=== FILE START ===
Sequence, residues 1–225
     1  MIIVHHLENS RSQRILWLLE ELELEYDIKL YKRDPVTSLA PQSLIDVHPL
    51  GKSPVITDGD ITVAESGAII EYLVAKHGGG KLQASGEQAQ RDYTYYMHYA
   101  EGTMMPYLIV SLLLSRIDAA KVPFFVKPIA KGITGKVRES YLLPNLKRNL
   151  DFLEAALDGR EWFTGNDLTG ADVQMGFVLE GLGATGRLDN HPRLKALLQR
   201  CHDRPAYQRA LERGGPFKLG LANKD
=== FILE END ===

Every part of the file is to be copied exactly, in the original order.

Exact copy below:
Sequence, residues 1–225
     1  MIIVHHLENS RSQRILWLLE ELELEYDIKL YKRDPVTSLA PQSLIDVHPL
    51  GKSPVITDGD ITVAESGAII EYLVAKHGGG KLQASGEQAQ RDYTYYMHYA
   101  EGTMMPYLIV SLLLSRIDAA KVPFFVKPIA KGITGKVRES YLLPNLKRNL
   151  DFLEAALDGR EWFTGNDLTG ADVQMGFVLE GLGATGRLDN HPRLKALLQR
   201  CHDRPAYQRA LERGGPFKLG LANKD